The XRD patterns of the samples after heat treatment are shown in Figure 5B. The XRD patterns of the composite obtained in 0 (curve a) and 0.02 M HClO4 (curve b) can be indexed to α-MnO2 crystal structures . Meanwhile, different XRD peaks are observed in Figure 5B (curves c and d), indicating the heat-treated product obtained in 0.1 M HClO4 is Mn2O3 and the heat-treated product obtained in 0.05 M HClO4 are MnO2 and Mn2O3. The results show that for as-prepared samples, Mn2O3 phase is increasing with acid concentration. It is reported that the phase of manganese oxides is changing with temperature, and MnO2 may transform to suboxide Mn2O3 at 500°C to 900°C [33, 35–38]. The reductive matters such as CH3OH, CH4, and CO were studied as reductions for the phase transforming of MnO2 to Mn2O3, and the mechanism was also suggested [34, 39]. Therefore, we assume that the reductive matters generated during PANI decomposition procedure assists the transformation of MnO2 to Mn2O3. Additionally, the aggravating degree of phase transforming of the heat-treated samples could be attributed to the increasing proportion of PANI in the composites. All the above results indicate that the MnO2 generated in the polymerization of PANI process at low-acid concentration has a great effect on the formation of the hollow structure at higher acid concentrations as an intermediate.
In this work, the electrochemical performance of the composite was evaluated. The capacitance of MnO2 is generated by the charge transferring among multivalent Mn element (Mn2+, Mn3+, Mn4+, and Mn6+) , while PANI endures doping/dedoping companying with the redox process of PANI:
Cyclic voltammetry (CV) curves of the composites are shown in Figure 6A. CV curves of as-prepared PANI nanofibers/MnO2 crystallines are comparable with pure PANI and MnO2, respectively. The rectangle-like shape of CV curve suggests that MnO2/PANI fabricated in 0.02 M HClO4 has an ideal capacitive characterization. Additionally, the rectangle-like shape potential region of MnO2/PANI (curve c) is relatively larger compared with that of the crystallized MnO2 (curve e) and PANI (curve a). The capacitance C CP can be estimated according to the equation: C CP = (Q a + Q c )/(2 × ΔV), where Q a , Q c , and ΔV are indicative of the anodic and cathodic charges of CV and the potential region of CV, respectively. The capacitances of the samples in curves a to e are 80, 45, 207, 143, and 46 F g-1, respectively. The capacitance of MnO2/PANI (curve c) is larger than that of PANI (curve a) and MnO2 (curve e). The extended ideal capacitive potential region and larger capacitance of MnO2/PANI composite are possibly due to the synergistic effect between the core of MnO2 and the shell of PANI [32, 35, 40].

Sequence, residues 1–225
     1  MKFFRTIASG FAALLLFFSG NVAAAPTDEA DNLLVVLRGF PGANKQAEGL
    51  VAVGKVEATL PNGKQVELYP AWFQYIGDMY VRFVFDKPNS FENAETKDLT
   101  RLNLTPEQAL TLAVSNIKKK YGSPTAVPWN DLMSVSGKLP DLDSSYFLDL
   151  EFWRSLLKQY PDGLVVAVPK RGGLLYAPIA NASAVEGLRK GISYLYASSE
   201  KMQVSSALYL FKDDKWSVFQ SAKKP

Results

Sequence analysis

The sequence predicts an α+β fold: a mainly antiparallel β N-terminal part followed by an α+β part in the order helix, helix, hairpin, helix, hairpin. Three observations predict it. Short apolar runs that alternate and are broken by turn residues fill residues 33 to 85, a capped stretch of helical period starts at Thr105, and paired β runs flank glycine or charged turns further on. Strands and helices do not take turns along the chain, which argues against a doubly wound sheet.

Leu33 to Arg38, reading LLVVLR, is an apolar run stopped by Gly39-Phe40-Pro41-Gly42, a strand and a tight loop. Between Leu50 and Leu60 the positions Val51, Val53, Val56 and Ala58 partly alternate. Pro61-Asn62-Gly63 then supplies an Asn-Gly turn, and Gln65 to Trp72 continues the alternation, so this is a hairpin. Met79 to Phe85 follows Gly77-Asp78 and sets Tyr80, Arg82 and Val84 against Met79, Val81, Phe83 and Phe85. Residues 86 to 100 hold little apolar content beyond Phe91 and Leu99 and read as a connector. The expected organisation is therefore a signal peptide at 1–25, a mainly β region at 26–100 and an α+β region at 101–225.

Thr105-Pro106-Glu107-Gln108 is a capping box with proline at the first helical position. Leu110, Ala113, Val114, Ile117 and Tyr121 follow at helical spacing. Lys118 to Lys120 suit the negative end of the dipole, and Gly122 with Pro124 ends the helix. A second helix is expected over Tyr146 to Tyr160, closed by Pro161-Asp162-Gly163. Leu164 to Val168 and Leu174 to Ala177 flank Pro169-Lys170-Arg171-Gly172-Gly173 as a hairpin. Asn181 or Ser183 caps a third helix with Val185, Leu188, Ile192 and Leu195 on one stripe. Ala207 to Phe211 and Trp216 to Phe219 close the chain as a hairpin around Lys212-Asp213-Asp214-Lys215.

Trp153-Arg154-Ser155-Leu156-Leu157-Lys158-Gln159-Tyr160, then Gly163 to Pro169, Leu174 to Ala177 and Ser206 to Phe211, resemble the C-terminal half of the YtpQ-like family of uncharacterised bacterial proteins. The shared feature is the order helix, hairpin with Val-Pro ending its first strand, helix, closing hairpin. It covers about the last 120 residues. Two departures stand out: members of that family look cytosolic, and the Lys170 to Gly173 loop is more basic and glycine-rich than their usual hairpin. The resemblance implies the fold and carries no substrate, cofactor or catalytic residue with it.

The charge–discharge curves of MnO2/PANI fabricated in 0.02 M HClO4 were measured at various current densities (shown in Figure 6B). The E-t plots show symmetry, which indicate the reversible charge–discharge process of the MnO2/PANI composite. The specific capacitance of the sample can be calculated via the equation: C CP = i/|dE/dt|, where |dE/dt| is estimated from the slope of the discharging curves. The capacitance of the composite at 2, 1, 0.5, 0.3, and 0.2 mA cm−2 achieves 159, 161, 170, 174, and 168 F g−1, respectively. Additionally, the discrepancy of the largest composite capacitance values estimated from discharging and CV curves is lower than 20%, which suggests the high credibility of both techniques.
The stabilities of the samples were tested with 100 CV scan cycles (Additional file 1: Figure S3). After 100 cycles, the CV curves of PANI change obviously and the capacitances decreased largely (Additional file 1: Figure S3 A, B). However, with the increase of MnO2, the CV curves change a little and even no capacitance decrease is observed (as shown in Additional file 1: Figure S3 C,D,E). Compared with PANI samples obtained at higher acid concentration, MnO2/PANI nanocomposites possess noticeable capacitive stability. To investigate the long-term stability of as-prepared MnO2/PANI nanocomposites, the charge–discharge test of 1,000 cycles was conducted at 1 mA cm−2 in 0.1 M HClO4. As shown in Figure 6C (first 20 cycles are shown for clearly observation), the E-t plots are symmetric in shape and have almost no change during the long-term test. From Figure 6D, it can be seen that the discrepancy of capacitance of MnO2/PANI during 2,000-cycle test is lower than 5%, and there is no evident capacitance decrease after 1,000 cycles. The stability of the MnO2/PANI composite is thought due to the protection of the shield-surrounded PANI and uniform dispersion of MnO2 particles, whereby avoiding severe particles conglomeration involved in the charge–discharge process [35, 36]. The facile synthesis and ideal electrochemical capacitive performance will probably give the composites a promising prospect in the application of supercapacitors.
A series of samples including MnO2/PANI composites and PANI nanofibers were successfully synthesized by the facile interfacial polymerization. Controllable and uniform synthesis of the composites has been realized by simply adjusting the pH of the solution. The effect of acid concentration and the related mechanism of the formation of the products are investigated. We demonstrate that the intermediate of MnO2 plays a key role in forming the hollow structures of PANI. The capacitance of the composite achieves 207 F g−1, and the results suggest that the MnO2/PANI composites show superior performance over pure PANI or MnO2.
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This work was supported by the National Basic Research Program of China (2012CB932800) and the National Science Foundation of China (51171092, 20906045, 90923011). The authors also thank the Shandong University for their financial support (nos.31370056431211, 31370070614018, and 31370056431211).
The authors declare that they have no competing interests.
FM carried out the total experiment and wrote the manuscript. XY participated in the detection of the SEM and TEM. YZ participated in the data analysis. PS participated in the design of the experiment and performed the data analysis. All authors read and approved the final manuscript.